Thursday, February 2, 2012

Judaism in US & Israel

The US and Israel have an almost equal number of Jewish citizens (about 7 million each), and so they are the most important for understanding contemporary Judaism. Also, the close political and military ties, with Israel receiving more financial support from the US than any other country, demonstrate how Judaism is very much linked to broader American concerns about peace in the Middle East and oil.

So, let's take a quick tour through current events involving Jews in the US and Israel to get a sense of what is happening. The biggest current religious issue is related to women and so we will hold off on that till next week, since that is when you will read about women in Judaism. But let's keep things in historical perspective as we move toward current events.

Different Jewish Views on Religion and Nationhood

Jews began re-settling in Palestine (what is now Israel) in the late 1700s and 1800s. However, it was only during British rule that Jewish immigration increased substantially. I won't go into all the details about the creation of the state of Israel, but we do need to understand the basic points of view of Jews on the issue of creating a Jewish state.

The first view is Zionism, meaning that a Jewish state is needed to protect the rights of Jewish people, and this view especially gained traction after waves of persecution against Jews in the early 20th century in places such as Russia, Poland and Germany. Many Jews fled persecution to settle in what is now Israel. However, many conservative religious Jews disagreed with the political interests of Zionism to create a Jewish state, and instead they argued that only G-d could or should do such a thing and that mere mortal humans should not toy around with G-d's plan for the 'chosen people'. Pragmatically speaking, though, many of the anti-Zionist camp ended up fleeing to Israel in the wake of persecutions, as well. There are some conservative Jews who still hold that Zionism is illegitimate and take stances that disapprove and sometimes disregard the Israeli government and police by claiming that they only recognize G-d's law and not man-made laws. But they are in the minority.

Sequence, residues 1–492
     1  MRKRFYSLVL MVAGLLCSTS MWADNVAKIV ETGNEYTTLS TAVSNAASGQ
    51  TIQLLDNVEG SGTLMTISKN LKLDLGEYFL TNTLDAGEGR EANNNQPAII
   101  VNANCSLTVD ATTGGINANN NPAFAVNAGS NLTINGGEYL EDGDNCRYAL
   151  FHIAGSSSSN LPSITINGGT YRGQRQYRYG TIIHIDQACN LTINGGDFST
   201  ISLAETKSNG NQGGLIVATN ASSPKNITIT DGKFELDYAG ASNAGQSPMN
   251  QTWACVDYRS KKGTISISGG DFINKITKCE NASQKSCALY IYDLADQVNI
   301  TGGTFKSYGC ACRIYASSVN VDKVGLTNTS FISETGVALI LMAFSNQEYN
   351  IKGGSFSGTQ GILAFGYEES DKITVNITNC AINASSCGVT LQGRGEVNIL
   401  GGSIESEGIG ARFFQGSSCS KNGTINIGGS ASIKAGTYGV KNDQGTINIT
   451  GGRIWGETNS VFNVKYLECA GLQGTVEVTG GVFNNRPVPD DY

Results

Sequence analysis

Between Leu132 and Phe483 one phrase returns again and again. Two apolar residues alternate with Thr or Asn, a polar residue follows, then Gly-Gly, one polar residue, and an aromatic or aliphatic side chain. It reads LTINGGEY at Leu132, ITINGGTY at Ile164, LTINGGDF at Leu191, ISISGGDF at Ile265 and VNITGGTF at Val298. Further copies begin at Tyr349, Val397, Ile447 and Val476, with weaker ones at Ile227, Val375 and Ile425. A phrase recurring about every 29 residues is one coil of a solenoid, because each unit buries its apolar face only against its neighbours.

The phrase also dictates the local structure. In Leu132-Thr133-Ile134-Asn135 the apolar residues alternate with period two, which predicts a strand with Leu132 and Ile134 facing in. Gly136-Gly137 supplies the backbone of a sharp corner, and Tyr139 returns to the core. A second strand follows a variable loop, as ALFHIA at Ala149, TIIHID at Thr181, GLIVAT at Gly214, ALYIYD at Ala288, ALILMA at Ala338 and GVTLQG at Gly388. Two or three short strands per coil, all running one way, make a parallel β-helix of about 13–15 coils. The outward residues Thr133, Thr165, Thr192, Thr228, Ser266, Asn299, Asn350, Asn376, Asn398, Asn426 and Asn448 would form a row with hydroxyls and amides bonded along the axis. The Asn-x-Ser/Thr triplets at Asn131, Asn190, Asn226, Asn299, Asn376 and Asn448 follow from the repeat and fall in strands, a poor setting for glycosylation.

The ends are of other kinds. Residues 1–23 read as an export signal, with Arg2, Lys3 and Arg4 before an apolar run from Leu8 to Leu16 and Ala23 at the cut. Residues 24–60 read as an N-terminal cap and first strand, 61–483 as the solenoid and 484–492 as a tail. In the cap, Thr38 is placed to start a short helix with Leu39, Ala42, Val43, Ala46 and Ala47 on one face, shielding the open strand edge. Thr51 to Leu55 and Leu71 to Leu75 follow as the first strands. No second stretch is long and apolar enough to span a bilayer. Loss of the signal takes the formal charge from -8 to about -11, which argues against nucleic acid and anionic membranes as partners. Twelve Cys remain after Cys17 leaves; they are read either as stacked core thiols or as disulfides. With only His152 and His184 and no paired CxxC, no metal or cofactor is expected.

After Israel became a recognized state in the late 1940s, most of these debates subsided. Some Jewish intellectuals such as Hannah Arendt (more on her here) and Walter Benjamin argued that either a two-state solution or a shared state was necessary for Israelis and Palestinians. The reason for this was the notion that the main problem Jews faced was being stripped of citizenship by European countries, which meant that they lost any grounds for rights and privileges as a stateless people with no government to protect their rights. Even the US did not allow Jews fleeing persecution in Europe to move to the US for safety.